5 / La Vida en el Norte: Stories from the Shadows / Sara A. Radoff & María del Rosario Corona Horta, with Yolanda

 In this article we examine three U.S. policies that shape the educational experiences of students who reside in the U.S., but who do not possess authorized immigration status. We relate these policies to personal stories in order to illustrate the opportunities and limitations students face throughout their education. Throughout the article we attend to the necessary respect for the risks and fears accompanying one’s status, which should permeate the relations between youth care workers, students and their families.

14 / Engaging Young People and Staff in a Program Evaluation Process Through Appreciative Inquiry
Elizabeth Jones, Maria Lyrintzis, and Ingrid Kastens

17 / Systemic/Social Issues Aboriginal Child Welfare / Melanie Jones

The child welfare system within Canada has an inordinate number of Aboriginal children being taken into care, which stems from a number of ongoing systemic and social issues. These matters of contention include extreme levels of poverty, resulting in parental risk factors, high rates of suicide and substance abuse; a history of colonization and assimilative practices on part of the Canadian government and; ongoing jurisdictional conflicts, all which affect the fundamental rights of the child as outlined in the United Nations Convention on the Rights of the Child (UNCRC). This paper will illustrate and review literature and research that has highlighted many of these issues and explore where Canada is at in terms of self-governed Aboriginal child welfare.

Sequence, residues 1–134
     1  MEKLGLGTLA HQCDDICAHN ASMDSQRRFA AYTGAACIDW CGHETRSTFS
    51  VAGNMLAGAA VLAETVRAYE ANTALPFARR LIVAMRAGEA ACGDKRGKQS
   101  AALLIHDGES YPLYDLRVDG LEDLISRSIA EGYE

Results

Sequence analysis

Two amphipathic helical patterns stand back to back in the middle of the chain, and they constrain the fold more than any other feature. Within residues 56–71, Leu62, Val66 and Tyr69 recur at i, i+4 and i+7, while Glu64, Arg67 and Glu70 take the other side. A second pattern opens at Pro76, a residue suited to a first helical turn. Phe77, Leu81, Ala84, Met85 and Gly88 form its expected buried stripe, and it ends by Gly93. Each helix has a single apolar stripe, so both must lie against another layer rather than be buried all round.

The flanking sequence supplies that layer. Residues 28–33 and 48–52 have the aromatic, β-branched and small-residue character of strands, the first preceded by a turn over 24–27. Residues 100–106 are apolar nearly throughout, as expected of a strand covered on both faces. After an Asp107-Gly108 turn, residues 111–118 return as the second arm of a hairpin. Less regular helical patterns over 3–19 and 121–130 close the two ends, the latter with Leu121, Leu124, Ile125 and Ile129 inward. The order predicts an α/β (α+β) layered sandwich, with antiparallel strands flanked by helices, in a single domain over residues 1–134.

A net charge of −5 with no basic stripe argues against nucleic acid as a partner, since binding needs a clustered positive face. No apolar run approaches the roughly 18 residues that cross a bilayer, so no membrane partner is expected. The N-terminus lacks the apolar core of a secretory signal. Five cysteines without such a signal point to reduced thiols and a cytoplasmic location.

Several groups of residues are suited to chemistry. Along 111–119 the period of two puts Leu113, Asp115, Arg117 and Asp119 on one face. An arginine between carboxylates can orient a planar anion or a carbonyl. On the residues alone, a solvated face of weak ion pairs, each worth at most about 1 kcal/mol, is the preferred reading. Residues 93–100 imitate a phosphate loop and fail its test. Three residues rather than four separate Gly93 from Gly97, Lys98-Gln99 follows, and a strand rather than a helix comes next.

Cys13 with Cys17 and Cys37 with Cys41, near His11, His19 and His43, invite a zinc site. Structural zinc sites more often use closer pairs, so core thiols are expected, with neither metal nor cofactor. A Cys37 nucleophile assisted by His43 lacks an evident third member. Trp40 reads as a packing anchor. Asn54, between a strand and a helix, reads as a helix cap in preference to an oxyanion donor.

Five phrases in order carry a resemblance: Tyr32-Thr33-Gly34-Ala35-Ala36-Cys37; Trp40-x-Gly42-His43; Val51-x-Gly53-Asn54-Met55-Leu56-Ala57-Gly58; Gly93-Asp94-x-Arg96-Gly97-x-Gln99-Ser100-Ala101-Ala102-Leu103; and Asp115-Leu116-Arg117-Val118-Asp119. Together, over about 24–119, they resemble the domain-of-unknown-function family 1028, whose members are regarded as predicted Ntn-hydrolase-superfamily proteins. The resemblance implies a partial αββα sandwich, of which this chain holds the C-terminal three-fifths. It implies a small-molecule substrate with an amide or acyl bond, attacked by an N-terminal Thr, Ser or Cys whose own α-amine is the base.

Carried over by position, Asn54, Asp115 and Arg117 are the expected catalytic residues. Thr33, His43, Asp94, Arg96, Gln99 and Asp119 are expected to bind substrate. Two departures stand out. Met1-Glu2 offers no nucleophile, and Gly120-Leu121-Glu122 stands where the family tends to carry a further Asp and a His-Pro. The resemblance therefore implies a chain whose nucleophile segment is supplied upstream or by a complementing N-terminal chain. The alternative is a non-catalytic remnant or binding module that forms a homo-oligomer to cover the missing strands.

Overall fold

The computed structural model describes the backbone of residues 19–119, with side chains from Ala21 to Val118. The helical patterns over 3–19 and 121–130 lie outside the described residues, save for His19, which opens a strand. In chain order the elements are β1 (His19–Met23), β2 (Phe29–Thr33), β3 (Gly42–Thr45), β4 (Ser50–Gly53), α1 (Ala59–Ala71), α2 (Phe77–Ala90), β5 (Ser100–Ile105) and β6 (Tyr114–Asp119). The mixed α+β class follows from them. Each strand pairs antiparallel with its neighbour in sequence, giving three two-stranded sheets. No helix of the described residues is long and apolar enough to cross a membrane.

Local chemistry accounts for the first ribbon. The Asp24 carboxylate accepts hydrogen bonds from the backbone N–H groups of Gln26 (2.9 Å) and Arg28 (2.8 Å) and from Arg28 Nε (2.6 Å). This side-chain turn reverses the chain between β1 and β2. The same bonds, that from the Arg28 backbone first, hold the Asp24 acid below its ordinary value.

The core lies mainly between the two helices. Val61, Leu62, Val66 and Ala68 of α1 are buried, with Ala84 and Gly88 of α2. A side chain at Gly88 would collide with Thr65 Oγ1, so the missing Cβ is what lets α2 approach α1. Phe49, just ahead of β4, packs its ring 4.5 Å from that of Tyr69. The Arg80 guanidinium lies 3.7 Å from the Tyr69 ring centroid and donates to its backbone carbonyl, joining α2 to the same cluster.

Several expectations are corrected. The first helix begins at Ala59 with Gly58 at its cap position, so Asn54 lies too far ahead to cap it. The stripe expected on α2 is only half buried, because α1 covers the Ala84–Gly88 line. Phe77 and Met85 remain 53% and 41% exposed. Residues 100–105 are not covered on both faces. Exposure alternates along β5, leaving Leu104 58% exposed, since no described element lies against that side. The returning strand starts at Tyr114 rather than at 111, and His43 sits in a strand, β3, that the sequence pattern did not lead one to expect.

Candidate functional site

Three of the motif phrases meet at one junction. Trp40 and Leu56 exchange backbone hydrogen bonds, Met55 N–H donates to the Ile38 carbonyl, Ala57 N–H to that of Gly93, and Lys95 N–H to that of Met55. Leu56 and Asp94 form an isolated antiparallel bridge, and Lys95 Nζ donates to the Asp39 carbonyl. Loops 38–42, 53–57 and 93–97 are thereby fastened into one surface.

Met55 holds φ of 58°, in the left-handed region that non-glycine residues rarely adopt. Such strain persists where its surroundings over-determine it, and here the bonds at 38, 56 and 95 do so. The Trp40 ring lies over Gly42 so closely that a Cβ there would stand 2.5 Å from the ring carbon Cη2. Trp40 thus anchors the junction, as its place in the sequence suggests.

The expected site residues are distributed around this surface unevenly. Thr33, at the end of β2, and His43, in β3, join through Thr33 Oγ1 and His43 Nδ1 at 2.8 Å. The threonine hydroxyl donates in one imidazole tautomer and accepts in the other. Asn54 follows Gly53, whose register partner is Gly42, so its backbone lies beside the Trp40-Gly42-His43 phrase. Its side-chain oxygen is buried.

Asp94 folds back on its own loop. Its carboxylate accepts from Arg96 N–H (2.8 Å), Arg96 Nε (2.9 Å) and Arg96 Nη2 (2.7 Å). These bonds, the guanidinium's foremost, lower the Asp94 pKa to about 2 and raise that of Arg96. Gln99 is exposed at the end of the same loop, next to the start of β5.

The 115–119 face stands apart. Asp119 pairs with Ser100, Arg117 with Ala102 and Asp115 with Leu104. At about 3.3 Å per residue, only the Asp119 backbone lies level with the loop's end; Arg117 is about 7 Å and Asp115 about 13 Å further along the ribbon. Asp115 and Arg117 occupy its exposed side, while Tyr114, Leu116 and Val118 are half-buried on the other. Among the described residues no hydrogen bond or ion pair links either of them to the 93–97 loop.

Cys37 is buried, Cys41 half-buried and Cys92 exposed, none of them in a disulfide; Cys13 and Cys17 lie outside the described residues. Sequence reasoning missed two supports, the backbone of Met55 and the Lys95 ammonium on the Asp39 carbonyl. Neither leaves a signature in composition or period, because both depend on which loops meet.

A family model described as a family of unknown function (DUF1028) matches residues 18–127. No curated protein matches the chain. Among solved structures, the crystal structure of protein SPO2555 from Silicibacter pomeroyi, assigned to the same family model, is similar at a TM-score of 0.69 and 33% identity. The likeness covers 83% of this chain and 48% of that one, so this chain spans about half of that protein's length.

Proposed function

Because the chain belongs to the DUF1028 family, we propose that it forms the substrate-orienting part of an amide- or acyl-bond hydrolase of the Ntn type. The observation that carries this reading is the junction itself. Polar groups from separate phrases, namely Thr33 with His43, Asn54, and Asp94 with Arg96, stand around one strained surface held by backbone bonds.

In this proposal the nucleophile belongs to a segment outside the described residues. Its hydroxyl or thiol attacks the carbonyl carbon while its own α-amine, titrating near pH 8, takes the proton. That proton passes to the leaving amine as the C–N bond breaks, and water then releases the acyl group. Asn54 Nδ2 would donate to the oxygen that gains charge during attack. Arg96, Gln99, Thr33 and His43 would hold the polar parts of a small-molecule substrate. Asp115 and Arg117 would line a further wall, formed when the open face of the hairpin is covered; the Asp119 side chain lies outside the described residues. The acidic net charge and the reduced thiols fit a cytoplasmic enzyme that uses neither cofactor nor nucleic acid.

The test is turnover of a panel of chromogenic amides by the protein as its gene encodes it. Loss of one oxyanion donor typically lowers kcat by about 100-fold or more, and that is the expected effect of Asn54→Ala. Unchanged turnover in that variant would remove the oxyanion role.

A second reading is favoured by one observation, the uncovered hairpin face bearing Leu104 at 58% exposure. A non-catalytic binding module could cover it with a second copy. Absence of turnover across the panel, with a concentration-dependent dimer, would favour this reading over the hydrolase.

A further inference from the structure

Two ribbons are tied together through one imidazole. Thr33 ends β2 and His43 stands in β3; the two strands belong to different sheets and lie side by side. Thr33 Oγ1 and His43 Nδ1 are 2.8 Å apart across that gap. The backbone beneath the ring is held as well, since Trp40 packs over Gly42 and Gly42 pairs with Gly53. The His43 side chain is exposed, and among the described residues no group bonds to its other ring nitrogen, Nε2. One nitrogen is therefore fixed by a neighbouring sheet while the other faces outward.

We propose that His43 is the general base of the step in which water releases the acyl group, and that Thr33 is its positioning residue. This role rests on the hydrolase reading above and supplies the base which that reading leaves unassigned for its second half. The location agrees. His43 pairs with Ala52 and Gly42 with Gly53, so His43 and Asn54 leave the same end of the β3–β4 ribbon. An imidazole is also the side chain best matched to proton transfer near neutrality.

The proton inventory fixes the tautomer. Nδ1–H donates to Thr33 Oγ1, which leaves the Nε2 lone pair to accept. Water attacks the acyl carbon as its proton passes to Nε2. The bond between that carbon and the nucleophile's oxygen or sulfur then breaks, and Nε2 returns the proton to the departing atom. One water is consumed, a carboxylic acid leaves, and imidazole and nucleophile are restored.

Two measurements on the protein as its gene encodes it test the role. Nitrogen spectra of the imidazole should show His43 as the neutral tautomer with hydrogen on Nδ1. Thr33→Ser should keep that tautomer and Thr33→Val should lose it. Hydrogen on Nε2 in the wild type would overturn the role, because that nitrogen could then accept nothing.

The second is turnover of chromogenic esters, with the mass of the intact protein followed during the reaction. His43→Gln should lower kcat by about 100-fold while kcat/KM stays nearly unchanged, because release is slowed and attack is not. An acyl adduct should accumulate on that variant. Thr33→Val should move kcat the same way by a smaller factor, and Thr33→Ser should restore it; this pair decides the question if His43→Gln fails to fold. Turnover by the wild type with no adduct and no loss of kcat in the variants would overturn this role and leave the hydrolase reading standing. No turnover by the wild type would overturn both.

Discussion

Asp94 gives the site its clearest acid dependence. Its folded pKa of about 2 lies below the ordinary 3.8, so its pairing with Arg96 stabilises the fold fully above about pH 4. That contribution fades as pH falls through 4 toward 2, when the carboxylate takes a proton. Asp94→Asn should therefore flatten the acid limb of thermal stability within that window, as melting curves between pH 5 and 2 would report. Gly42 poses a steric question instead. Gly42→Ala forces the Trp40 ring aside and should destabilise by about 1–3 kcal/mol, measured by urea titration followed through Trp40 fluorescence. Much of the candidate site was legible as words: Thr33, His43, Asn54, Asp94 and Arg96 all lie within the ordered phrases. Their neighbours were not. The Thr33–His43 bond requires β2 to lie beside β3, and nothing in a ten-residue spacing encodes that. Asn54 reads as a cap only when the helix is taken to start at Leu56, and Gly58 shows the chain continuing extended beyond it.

31 / Wild Epiphany: Turning Child and Youth Care Inside Out  /  Christopher Gee

This paper reveals the unique power of a moment in the wilderness. This qualitative study has been conducted in collaboration with seven wilderness based youth care workers employed by Caribou Action Training Society’s Camp Trapping.
The commentaries of the participants resonate with implications for therapeutic intervention. Characterizations of wilderness, conceptualizations of dependency, and suggestions of improved mental well-being amongst youth figure prominently in the recollections of the participants.

43 / Leaving the Line / Garth Goodwin

46 / Beyond Residential and Community Based Services: A Conceptual Model for an Integrated Youth and Family Service Delivery System in Canada / Grant Charles and Thom Garfat

We believe that to be effective any system of care giving must be founded on a common set of values and beliefs. It is the commitment to these common values and beliefs which provide the foundations for program and system development. In times of stress or conflict these values and beliefs serve as a communal arbitrator for decision-making. When developing programs they serve as a reference for what is desirable and acceptable. They guide all individuals involved in the process in negotiating individual intervention plans with young people and families.

53 / A Neighbourhood Based Youth Engagement Practice Story / Sarah Gillett

This article describes my experience as an intern working on a community youth engagement project. I begin by providing an overview of current literature on youth engagement and community capacity building. I then describe the project drawing attention to how the project started and why certain approaches were taken. The outcomes of the project itself and the process are discussed and in looking ahead to next steps, challenges and opportunities are considered. Finally, I consider how the outcomes of this project relate back to some of the current literature on youth engagement and community capacity building.

64 / Community Outreach Projects Raise $8,657.87 / Lorie Hadley

65 / An Overview of the Demographics Profiles and Initial Results from the British Columbia Young Carers Study 
Grant Charles, Sheila Marshall & Tim Stainton

69 / Why I didn’t work with ‘the little ones’  / Thom Garfat